Internal documents obtained under Freedom of Information from the Human Rights Commission show that it did not tell the students they were accused of racial hatred nor engage them in any way for the 14 months from when a complaint under section 18C was lodged until just before a ‘conciliation conference’ was held in Brisbane.
Senior commission staff have admitted in formal legal responses for an ongoing independent investigation into their conduct in the Queensland University of Technology case that the students were not told anything by the commission until late July 2015 — 14 months after the complaint was lodged by QUT staffer Cindy Prior over some Facebook posts.
But in an interview with Fairfax Media yesterday and on the ABC’s 7.30 last night, Prof Triggs made no mention of the students being left unaware of the case, and she claimed that the commission was engaging with the students ‘in good faith’ in the period.
She told Fairfax Media: “We kept on with it because we had every belief in the university and the students and Ms (Cindy) Prior (the complainant) that they were acting in good and faith and would conciliate. After twelve or thirteen months, it became very clear that we could not conciliate and therefore we terminated it, which allowed the parties to go to court if they wanted to.”
She told 7.30’s Leigh Sales: “On that particular matter … what we did was do what we normally do which is investigate the facts, get a sense of what each of the parties is saying and then attempt to conciliate the matter.
“And in good faith we tried for 13 or 14 months. I think this one was difficult because the parties took different points of view. There were a number of students that had said different things and so the issues in relation to each of them was different.”
The claims by Professor Triggs in the media that the students were being engaged by the commission are directly contradicted by the internal documents and by the human rights body’s own admissions of it not contacting the students until just days before the conciliation conference, which was scheduled without the students knowing anything about it or the complaint against them. In late July 2015, the university started contacting the students despite this being the job of the commission.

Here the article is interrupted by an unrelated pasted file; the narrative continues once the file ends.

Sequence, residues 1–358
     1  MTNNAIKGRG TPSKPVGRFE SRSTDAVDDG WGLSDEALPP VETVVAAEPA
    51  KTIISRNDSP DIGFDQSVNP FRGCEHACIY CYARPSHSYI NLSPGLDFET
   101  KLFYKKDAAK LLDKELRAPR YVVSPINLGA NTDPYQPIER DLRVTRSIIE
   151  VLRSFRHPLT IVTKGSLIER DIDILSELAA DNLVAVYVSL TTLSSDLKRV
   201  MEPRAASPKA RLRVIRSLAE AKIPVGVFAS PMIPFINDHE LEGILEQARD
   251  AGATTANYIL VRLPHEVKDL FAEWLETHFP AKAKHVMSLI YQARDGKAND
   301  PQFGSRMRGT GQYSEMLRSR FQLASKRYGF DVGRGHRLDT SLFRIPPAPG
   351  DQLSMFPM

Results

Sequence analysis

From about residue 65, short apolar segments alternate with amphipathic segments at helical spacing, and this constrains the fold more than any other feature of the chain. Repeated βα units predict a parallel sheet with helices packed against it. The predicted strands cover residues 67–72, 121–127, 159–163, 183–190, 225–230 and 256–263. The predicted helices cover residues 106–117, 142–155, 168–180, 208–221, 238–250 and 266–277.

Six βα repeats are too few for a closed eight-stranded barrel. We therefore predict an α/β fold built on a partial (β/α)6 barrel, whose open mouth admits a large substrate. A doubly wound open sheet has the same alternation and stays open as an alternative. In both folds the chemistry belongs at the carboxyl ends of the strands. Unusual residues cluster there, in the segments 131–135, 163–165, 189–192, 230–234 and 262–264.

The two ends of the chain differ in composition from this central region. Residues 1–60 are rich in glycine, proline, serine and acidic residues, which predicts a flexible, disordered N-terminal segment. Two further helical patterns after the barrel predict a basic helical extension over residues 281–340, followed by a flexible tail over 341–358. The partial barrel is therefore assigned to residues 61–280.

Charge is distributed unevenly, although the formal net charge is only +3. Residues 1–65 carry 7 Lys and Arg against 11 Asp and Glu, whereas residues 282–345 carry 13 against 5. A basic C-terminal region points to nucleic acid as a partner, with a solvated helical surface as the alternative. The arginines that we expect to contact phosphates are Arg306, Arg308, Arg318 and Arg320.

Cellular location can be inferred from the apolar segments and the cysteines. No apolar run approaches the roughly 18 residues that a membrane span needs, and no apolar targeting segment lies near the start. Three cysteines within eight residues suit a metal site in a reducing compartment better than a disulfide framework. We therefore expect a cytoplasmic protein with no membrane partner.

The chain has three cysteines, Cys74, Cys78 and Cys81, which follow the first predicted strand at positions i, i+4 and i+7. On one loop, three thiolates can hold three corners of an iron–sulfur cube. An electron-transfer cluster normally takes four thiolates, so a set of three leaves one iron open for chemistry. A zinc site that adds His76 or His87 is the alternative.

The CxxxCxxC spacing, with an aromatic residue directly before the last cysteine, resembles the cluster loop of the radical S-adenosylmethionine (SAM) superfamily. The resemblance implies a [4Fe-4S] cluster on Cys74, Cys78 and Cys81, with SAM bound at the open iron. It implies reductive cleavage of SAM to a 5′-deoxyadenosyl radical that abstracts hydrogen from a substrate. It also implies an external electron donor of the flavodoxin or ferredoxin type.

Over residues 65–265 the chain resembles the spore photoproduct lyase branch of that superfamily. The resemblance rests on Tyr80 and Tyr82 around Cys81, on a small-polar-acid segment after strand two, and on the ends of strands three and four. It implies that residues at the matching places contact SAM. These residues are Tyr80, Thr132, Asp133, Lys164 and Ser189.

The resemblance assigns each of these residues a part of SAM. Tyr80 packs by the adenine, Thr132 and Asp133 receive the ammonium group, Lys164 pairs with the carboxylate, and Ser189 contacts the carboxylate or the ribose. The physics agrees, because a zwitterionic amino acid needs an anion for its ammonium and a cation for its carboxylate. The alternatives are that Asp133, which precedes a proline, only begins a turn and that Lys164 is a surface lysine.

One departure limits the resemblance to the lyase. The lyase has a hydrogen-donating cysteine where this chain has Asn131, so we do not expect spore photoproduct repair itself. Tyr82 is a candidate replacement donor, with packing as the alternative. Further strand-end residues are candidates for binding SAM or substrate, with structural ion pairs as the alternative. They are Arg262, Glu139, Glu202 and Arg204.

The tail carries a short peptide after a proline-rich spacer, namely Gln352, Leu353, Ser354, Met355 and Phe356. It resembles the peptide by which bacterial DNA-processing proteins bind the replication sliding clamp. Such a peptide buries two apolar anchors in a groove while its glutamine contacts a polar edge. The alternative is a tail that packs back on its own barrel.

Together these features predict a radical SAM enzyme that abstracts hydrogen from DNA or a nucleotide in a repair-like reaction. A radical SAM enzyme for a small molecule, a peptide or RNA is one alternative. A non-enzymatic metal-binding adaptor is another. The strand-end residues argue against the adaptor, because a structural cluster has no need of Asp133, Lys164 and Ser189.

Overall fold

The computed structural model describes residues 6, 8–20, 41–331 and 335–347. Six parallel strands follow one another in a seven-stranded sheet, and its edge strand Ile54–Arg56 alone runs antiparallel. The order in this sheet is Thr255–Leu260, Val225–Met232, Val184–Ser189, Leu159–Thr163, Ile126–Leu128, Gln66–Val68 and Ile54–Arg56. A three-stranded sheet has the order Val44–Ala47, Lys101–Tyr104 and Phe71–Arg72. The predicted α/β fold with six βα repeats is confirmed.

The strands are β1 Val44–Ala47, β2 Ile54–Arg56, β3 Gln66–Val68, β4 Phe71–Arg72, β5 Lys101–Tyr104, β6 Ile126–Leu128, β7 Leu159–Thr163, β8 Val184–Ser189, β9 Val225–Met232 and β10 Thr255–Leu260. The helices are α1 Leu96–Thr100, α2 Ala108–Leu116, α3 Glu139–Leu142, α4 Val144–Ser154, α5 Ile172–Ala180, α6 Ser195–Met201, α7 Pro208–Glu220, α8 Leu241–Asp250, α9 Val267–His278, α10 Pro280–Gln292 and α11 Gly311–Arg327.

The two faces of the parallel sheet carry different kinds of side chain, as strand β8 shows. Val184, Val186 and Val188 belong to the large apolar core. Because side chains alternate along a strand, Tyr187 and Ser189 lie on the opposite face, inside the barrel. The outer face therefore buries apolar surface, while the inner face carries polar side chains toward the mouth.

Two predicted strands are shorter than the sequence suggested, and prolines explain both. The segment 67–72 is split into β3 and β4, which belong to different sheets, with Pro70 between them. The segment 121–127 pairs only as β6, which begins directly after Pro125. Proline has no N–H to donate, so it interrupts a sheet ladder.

One of the students involved in the case, Calum Thwaites, told The Australian today: “They never had any contact with us. I never received one piece of correspondence from the commission. There is absolutely no truth in what she said about that last night on 7.30 and to Fairfax Media. She was claiming that the students were being consulted from the start by the commission and that there was this ‘good faith’ dialogue but that is completely false.
“How can there by anything done in good faith when we don’t know there is even a complaint against us for 14 months, and only hear about it when they are about to start a conciliation conference with Cindy Prior and the university?
“The commission itself has admitted in its own documents in response to our complaint that we were not told.
“Professor Triggs needs to admit that she has been misleading the public on this. The documents do not lie and they are the commission’s own internal documents and their legal letters.”
The internal documents include a contemporaneous diary note by a commissioner officer managing the racial hatred complaint, showing that with less than a week before the conciliation conference she told QUT’s solicitor “it would not be possible to postpone” it; and that QUT should have contacted the students; and that “if a student is notified and wants to attend next week, they will have to make time”.
There were seven named students in the complaint, none of whom were told of the existence of the racial hatred case until a few days before the conciliation conference. Two of the seven who attended have said they felt excluded from the event — “that the only form of negotiated settlement which (the commission’s officer) was interested in discussing was a settlement between QUT and Ms Prior”. The next day, the commission’s staff wrote to Ms Prior’s solicitor thanking her for participating.
“No such thanks were conveyed to either of the two students who attended,’’ said their Brisbane lawyer, Tony Morris, QC.
Mr Morris told a Senate committee last month after it heard from Prof Triggs about the commission’s role in18C cases: “Any attempt to conciliate typically involves little more than blackmailing the respondents into making a substantial cash payment to the complainant, because it is cheaper to do so than to face the prospect of proceedings in the Federal Court or the Federal Circuit Court, especially if the proceedings are likely to lead to adverse publicity …”